If the descriptions are so open to flexibility on the basis of what another person tastes then we can equally rewrite his conclusions to say the difference between the beer is so marginal that it makes no sense to try to do more about oxygen ingress--because maybe the difference between great and drain pour for him is marginal and we just can't know which is true. If the data can be so easily rewritten to support diametrically opposite conclusions then the data has no value and as a result, neither do the conclusions drawn from it.

To my taste 3 or even 6 month old Weihenstephan generally isn't something that I would dump. But then again they don't make a Kölsch that I'm aware of so it's not a good comparison in this situation. IMO kölschbier, and helles to a slightly lesser extent, are very delicate and easy to damage. I have been to Cologne many times and when fresh their namesake beer is sublime. On the other hand bottles sourced here of say Früh or Gaffel are usually always damaged to the point drinking them is difficult. I despise herbstoff and in some low bitterness beers, like Kölsch, that flavor is overpowering and has nowhere to hide. That being said you can understand why I chose to do the test on this beer. And yes, I dump more beer then the average person because I am picky.
 
It seems most everyone here can agree about the existence of cap ingress and the fact bottled beers will eventually succumb to oxidation past the point of being drinkable. We probably can also agree that said period of time will vary greatly due to individual tastes. So the most useful takeaway from this test should be that there is simple way to delay oxidation in your bottles, regardless of what you believe that taste to be.

8
The Pub / Re: Long Strange Trip - Yellowhammer Journey
« on: December 07, 2017, 05:08:43 PM »
Thanks to the OP for the interesting story and pictures. One question though if I may.. I was perusing your website and noticed the pictures of the beers on the splash page. I was wondering if the people in your neck of the woods prefer beer with very little head. You mention European tradition but with that said I would expect at least a couple centimeters of thick dense foam.

9
Onlinemetals.com is a great place for stainless tubing in many sizes and wall thickness. T-304 seamless stainless tube is a good choice and thinner wall like .02 is easier to bend.

10
The Pub / Re: A Nice Surprise
« on: October 06, 2017, 05:17:02 PM »
Great choices.

11
Ingredients / Re: Fishy Hops?
« on: September 19, 2017, 01:11:41 AM »
I used a bunch of black cherry juice in place of some of the water when I irrigated some sterlings and some key lime juice and some grapefruit juice on some goldings.
I get a hint of cherry aroma in the sterlings and some strong grapefruit aroma in the goldings.

Oh no.. I used horse crap on my hops.
:o    ;)

12
Beer Travel / Re: Where am I?
« on: September 06, 2017, 01:23:47 AM »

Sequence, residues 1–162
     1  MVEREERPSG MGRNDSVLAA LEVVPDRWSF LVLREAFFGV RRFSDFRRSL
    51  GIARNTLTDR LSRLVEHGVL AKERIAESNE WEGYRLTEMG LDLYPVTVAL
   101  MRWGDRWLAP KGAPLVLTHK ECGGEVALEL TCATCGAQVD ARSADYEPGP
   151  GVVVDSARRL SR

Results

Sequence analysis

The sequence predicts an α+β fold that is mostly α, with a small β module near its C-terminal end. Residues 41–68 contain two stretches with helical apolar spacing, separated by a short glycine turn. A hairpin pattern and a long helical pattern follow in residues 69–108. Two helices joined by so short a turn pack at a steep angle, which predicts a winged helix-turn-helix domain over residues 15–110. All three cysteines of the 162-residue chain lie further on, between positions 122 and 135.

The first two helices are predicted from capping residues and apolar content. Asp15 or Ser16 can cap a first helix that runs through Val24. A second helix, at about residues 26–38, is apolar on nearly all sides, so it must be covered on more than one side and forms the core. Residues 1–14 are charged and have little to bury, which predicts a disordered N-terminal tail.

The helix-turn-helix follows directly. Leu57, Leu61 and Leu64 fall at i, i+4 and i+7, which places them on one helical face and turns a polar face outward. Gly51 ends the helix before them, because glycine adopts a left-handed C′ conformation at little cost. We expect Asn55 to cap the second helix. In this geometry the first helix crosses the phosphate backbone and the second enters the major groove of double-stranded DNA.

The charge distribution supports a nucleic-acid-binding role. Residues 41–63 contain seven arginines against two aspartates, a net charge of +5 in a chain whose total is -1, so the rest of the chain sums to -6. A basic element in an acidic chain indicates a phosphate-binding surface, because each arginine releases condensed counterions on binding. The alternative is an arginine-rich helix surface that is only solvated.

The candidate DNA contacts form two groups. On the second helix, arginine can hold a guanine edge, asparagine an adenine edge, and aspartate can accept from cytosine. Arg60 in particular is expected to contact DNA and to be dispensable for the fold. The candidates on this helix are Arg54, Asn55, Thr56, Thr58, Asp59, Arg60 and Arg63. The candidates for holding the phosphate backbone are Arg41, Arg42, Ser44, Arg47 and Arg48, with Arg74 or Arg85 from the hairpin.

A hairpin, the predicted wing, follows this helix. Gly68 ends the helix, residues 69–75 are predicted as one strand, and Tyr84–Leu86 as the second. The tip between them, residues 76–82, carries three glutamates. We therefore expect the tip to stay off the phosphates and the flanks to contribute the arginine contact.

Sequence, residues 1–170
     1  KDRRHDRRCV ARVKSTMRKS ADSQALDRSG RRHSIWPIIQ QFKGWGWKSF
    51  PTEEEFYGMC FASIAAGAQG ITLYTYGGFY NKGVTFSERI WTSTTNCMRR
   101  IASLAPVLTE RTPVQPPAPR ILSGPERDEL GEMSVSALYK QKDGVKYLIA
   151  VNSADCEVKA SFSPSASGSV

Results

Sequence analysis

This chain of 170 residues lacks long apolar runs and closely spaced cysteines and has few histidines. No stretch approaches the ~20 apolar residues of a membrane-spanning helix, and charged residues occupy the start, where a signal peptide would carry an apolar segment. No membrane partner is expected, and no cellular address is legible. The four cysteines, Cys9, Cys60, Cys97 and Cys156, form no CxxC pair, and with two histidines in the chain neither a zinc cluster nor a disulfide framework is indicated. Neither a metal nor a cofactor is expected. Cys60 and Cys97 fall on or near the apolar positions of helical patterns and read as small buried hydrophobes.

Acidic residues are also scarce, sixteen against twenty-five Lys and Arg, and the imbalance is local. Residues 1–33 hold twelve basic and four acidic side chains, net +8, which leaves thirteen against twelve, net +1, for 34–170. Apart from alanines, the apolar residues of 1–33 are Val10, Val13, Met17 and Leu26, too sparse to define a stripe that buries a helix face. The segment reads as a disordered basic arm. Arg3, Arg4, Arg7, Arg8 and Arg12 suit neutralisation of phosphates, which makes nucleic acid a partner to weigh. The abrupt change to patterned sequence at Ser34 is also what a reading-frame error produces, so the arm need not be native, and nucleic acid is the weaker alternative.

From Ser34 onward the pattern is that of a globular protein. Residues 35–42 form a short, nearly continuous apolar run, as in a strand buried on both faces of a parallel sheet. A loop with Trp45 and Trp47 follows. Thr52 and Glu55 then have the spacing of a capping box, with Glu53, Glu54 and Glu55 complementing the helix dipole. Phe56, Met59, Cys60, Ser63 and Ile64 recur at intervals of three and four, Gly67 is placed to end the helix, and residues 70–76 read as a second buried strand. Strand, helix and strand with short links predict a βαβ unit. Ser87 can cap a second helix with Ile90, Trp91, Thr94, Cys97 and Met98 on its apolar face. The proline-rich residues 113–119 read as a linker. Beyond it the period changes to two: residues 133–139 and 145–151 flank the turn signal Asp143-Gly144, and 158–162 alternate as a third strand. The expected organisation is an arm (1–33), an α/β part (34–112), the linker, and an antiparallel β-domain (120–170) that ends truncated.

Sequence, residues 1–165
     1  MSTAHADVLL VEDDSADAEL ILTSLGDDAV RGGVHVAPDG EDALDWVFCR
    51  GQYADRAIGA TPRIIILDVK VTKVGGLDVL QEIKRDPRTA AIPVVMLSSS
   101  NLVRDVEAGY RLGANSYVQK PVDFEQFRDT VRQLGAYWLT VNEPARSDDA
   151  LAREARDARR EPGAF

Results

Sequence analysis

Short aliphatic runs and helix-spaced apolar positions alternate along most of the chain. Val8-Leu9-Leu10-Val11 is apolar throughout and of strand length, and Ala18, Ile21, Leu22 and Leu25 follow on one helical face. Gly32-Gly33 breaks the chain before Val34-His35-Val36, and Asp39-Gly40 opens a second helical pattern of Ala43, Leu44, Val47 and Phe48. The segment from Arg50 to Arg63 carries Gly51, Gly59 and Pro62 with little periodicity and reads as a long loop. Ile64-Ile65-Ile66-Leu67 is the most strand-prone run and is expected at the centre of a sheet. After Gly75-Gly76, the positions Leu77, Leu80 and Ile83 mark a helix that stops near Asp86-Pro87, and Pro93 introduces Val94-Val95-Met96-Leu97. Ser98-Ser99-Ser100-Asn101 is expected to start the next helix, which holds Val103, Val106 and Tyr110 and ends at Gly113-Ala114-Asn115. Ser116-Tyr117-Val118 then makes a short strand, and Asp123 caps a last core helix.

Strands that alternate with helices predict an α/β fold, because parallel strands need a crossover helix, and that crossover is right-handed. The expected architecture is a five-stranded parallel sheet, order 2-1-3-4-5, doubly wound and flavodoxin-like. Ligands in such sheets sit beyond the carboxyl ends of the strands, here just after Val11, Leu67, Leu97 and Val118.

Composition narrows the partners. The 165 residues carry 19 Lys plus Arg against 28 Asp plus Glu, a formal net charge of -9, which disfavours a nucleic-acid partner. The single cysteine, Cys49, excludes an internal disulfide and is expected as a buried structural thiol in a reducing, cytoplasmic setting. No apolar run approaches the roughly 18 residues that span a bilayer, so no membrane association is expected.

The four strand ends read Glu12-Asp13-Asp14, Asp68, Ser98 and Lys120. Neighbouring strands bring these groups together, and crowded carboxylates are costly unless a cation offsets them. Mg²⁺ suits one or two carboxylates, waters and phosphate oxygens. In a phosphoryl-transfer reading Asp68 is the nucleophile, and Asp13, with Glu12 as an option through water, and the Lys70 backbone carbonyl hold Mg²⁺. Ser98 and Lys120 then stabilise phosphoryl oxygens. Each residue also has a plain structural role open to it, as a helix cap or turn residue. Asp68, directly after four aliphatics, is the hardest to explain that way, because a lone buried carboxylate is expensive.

Looks like a Tankovna pub with tanks of Uruquell. I saw some of these in Rome.

13
Yeast and Fermentation / Re: Reusing yeast shortcuts
« on: August 28, 2017, 09:59:11 PM »
IMO re-pitched yeast starts and ferments faster also arguably imparts better flavor to your beer. I have given up making starters all together in my lagers and simply pitch multiple packs, depending on mfg date, into the first batch then reuse yeast after that. Generally go 8 to 10 generations and then start over with fresh. So much less time spent messing with starters and of course in the long run it's less expensive then a single pack for every beer with or without stepping up. I do swirl the remaining few ounces of beer and pour into very well sanitized mason jars then store at ~34f. Was turned on to this method by TheBeerery.

On brew day simply select a jar, pour off most of the beer, and into the fermenter the slurry goes. 90% of the time there is airlock activity within 6 hours and that is fermenting between 45-47f. Never having to wait for yeast and brewing on a whim are great benefits. I do not miss the starter shuffle!

14
General Homebrew Discussion / Re: I think I have to have this....
« on: August 16, 2017, 04:58:04 PM »
I think I'd save the extra bucks over a standard pH meter and grab this guy from MoreBeer:
https://www.morebeer.com/products/easydens-anton-paar.html
Might need to get a few extra phones with all the blue tooth connected toys there are for brewing, blue tooth connected brewing system, water chemistry kit, pH meter, ABV/gravity readings...Just need one for DO and one for yeast cell counts.

For $400 less than the Anton-Paar.. I think I'd rather the Milwaukee MA871, which essentially does the same thing.
https://www.amazon.com/Milwaukee-Refractometer-Automatic-Compensation-Resolution/dp/B007Z4IN58

15
Beer Recipes / Re: Ayinger Altbairisch Dunkel
« on: August 15, 2017, 01:52:38 AM »
Thanks so much.
If I might, one question on the malt. If one only has 'super light' pilsner malt, would you recommend blending with, or just subbing the 14% with pale ale?